Creating stronger ties with music

November 3, 2020

Rachel Tantular is passionate about creating stronger ties between Australia and our Southeast Asian neighbours. As a result of this passion, Rachel will be hosting a concert featuring music by Asian and/or Asian-Australian composers, and traditional music from around the Indo-Pacific region, along with a gamelan workshop.

“Music has been a big part of my life since I was a child. I have performed across Europe and continue to perform with the Western Australian Wind Symphony,” Rachel said.

“This concert and workshop will engage attendees in experiencing and learning about the rich and diverse cultural heritage of traditional music and instruments from around Asia. It will also provide performers and composers of Asian descent a platform to share their craft, promoting cross-cultural understanding and people-to-people connections.”

“My hope is that this will inspire musicians and composers to perform and write music featuring elements of traditional music or instruments from around their region,” she said.

Rachel is a UWA Fogarty Scholar, studying Asian Studies and Music under a Bachelor of Philosophy (Honours), and 2020 recipient of the Fogarty Foundation’s Jeremy Cheang Award. Awarded in memory of Jeremy Cheang, former UWA Fogarty Scholar, the prize was presented to Rachel for the contribution she has made to her community through building greater knowledge of other cultures and stronger links with Asian communities. Rachel is currently leading the conceptualisation and delivery of the inaugural Indo-Pacific Future Leaders Programme, convened from July to November 2020 in Western Australia.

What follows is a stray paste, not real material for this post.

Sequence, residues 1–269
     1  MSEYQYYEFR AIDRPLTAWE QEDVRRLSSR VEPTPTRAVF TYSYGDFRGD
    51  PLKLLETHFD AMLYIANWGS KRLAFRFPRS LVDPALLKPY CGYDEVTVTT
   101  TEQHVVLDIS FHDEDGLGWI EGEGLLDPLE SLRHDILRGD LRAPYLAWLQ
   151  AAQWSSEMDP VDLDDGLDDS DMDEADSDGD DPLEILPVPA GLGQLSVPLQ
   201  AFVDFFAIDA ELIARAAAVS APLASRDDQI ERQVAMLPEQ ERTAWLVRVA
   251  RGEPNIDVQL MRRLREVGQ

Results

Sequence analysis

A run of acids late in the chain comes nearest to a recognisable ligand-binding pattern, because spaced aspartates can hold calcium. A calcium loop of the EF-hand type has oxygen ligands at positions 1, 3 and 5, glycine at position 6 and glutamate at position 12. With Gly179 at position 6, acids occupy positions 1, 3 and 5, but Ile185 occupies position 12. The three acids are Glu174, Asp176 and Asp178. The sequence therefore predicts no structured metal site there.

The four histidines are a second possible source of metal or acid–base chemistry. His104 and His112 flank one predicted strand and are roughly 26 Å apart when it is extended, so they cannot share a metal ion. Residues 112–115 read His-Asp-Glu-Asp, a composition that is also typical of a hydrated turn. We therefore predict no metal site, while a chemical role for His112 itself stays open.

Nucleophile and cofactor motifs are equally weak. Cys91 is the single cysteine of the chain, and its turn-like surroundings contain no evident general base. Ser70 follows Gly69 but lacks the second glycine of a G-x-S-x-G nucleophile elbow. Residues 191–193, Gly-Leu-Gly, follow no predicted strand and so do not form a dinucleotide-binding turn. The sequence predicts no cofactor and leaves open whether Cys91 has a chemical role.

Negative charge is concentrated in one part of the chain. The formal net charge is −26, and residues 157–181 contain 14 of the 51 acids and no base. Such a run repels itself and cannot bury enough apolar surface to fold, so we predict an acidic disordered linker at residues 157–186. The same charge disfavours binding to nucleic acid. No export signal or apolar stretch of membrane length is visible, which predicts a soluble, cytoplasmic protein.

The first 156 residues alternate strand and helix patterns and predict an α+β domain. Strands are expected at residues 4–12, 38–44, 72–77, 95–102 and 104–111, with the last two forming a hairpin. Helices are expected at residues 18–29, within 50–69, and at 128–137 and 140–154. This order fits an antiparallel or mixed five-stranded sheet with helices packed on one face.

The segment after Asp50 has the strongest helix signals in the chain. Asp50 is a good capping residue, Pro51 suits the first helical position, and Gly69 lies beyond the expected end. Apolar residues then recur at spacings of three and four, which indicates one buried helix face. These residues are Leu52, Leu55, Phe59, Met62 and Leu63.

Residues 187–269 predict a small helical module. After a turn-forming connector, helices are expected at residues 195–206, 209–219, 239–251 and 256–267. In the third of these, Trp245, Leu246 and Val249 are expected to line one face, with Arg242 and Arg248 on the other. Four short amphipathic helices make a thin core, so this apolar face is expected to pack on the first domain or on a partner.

Rachel is the inaugural Perth Hub Manager of the ASEAN-Australian Strategic Youth Partnership (AASYP), President of the St Catherine’s College Golden Zonta Club, providing birthing kits for women in disadvantaged communities, and Secretary of the Australia-China Youth Association (UWA).

“Uniting my two areas of study, Music and Asian Studies, this project stems from the observation that the music I have studied and performed is primarily Western Art Music of European composers, and that having moved to Australia from a very young age myself, I have had limited opportunities to engage with the music of my own cultural heritage,” Rachel said.

“Only 6% of professional orchestral programming features work by composers of underrepresented racial, ethnic and cultural heritages. While there has been a growing focus on works by Australian composers, music written by composers of Asian descent is rarely programmed, despite a growing population of second and third-generation Asian-Australians and over 3 million Asian-born people in Australia.”

“This initiative is also inspired by my work with the ASEAN-Australia Strategic Youth Partnership (AASYP) and I plan to collaborate with AASYP, the UWA Conservatorium of Music, UWA Music Students’ Society and Australia-China Youth Association, to present these events in 2021.”

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